Pay-for-Play in College?

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There is an an ongoing debate on whether or not college students should be paid to play their sport.

There are three categories that people find themselves in when this comes up. There’s people who argue that getting a free education is more than enough, others think they should receive some sort of compensation, but it is tough to draw a line. Some individuals think that they make their school so much, but receive so little in return.

There is a video on shaqfuradio, coming from the perspective that these athletes need to be paid. They mention how much time they put in, how much they make their university, and how an education is free, but a lot of them won’t graduate.

I do believe if you’re Alabama, Ohio State, Michigan or any big time football school, it is easy to make the argument those football players should be paid because they can make their school millions in just one night. But what about lower Division I schools who don’t make much at all with their football program? There was a study done by the NCAA, where they say; “Expenses exceeded generated revenue at all but 20 schools in the Football Bowl Subdivision.”

So there are so many issues that come up. A lot of schools are losing money already, how can they afford to pay these kids on top of a free education? What about the “non-profit” sports that put in a lot of time to their craft like track and field, do they get anything? Do division II schools receive anything as well? Again, it is easy to make the argument for big-time football schools, and I think they are “exploited” a little bit, but drawing the line to who gets paid what or not at all would to stir up a lot havoc.

There is also the perspective of college athletes not getting paid, written by Kieran McCauley for the Daily Local News, which I do agree with. “Take a step back and look at the big picture. College is a place for people to obtain a degree and help jumpstart their “real world” career aspirations. Whether people want to capitalize on that opportunity or not is on them. However it is not a place for athletes to get paid to play sports, that’s why the professional level exists. Remember student comes first in student-athlete.”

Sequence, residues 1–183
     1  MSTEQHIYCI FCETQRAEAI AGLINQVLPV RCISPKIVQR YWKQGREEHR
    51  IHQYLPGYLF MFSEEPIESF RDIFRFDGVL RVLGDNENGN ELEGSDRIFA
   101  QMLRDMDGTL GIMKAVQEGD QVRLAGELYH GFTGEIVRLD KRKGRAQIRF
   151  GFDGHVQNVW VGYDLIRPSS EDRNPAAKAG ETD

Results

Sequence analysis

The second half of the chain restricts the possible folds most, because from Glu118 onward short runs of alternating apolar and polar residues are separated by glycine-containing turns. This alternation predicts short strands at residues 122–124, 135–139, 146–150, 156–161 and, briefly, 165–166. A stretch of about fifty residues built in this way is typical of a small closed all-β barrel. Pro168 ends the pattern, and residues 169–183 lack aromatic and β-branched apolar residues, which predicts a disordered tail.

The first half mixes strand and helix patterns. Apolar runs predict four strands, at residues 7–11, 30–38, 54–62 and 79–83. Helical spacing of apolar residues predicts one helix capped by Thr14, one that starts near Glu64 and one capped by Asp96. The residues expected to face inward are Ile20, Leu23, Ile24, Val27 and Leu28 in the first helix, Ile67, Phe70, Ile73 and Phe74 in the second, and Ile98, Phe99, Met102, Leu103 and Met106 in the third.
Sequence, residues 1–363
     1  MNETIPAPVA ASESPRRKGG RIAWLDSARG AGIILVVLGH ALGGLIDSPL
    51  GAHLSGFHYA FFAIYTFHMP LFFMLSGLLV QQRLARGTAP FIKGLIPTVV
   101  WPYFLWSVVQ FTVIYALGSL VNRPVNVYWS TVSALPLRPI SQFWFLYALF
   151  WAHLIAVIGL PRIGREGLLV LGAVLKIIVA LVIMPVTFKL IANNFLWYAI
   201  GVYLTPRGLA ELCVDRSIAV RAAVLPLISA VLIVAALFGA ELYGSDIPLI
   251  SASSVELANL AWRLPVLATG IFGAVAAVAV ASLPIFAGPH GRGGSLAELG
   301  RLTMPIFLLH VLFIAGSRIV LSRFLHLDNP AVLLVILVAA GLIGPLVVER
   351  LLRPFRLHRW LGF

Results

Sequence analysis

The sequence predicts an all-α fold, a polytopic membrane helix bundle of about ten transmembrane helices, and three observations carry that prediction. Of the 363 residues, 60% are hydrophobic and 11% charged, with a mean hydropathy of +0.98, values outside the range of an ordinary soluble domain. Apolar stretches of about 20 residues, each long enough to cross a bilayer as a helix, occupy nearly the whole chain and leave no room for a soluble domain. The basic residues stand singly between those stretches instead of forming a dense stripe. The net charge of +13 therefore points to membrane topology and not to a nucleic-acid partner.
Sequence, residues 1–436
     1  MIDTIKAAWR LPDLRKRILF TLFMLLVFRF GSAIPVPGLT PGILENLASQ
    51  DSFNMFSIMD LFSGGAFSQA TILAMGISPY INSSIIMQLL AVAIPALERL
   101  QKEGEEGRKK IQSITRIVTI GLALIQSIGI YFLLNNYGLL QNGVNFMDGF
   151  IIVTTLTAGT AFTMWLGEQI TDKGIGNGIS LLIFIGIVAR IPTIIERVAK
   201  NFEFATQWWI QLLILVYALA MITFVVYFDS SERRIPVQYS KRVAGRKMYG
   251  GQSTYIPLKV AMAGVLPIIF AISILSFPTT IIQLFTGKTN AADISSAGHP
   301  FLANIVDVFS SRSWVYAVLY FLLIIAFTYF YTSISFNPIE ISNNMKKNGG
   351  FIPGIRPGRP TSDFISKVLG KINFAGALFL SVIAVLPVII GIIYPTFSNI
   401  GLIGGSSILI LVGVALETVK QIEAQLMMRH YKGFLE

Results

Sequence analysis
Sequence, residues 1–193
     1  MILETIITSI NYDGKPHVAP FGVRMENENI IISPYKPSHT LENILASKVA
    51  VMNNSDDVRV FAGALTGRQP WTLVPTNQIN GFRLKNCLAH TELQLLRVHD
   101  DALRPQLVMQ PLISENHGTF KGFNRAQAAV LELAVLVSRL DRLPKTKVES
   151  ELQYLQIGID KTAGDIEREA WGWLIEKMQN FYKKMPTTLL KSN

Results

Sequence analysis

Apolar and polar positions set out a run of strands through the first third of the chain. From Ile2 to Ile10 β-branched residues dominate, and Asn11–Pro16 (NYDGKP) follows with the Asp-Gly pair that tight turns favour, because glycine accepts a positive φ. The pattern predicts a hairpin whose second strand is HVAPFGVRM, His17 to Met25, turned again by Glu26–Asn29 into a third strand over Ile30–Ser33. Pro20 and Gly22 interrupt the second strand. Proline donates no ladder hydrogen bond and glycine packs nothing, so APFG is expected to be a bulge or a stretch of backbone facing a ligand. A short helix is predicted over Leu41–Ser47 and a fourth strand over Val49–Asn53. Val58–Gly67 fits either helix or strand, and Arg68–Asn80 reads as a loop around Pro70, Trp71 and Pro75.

There is also a salary cap idea written by Joe Nocera of the New York Times. “Every Division I men’s basketball and football team would have a salary cap, just as the pros do — except the amounts would be vastly lower. In basketball, the cap would be $650,000. In football, it would be $3 million. It is ludicrous to argue that the Power 5 programs cannot afford this; the combined $3.65 million is barely half the $7 million that Michigan Coach Jim Harbaugh made this season. (I would also drop the number of scholarships in college football to 60, which is closer to the size of an N.F.L. team, from 85 in the top tier.)”

I don’t think it’s a bad idea, but again there’s schools losing money to start with who could not afford to pay that money. Also, if you drop 25 scholarships per school, that would mean thousands of kids would miss the opportunity to play a sport they’re good enough to play at a division I level, but since the NCAA would be a business, they’d miss out. This also doesn’t help any baseball, soccer, golfers, etc. who dedicate the hours it took them to make it there. It would be sad being a track star and walk around campus where you know football players who don’t even see the field are making money in college.

I am all for the effort these athletes put in, and then have the energy to receive good grades. I support hard-working guys getting paid, and I wouldn’t disagree with it. At the same time, I don’t know how realistic it would be for a majority of schools.

Related:

Top 10 Reasons College Athletes Should Be Paid

Jay Bilas’ reasons they should be paid

Don’t pay college athletes

Pay-for-Play answer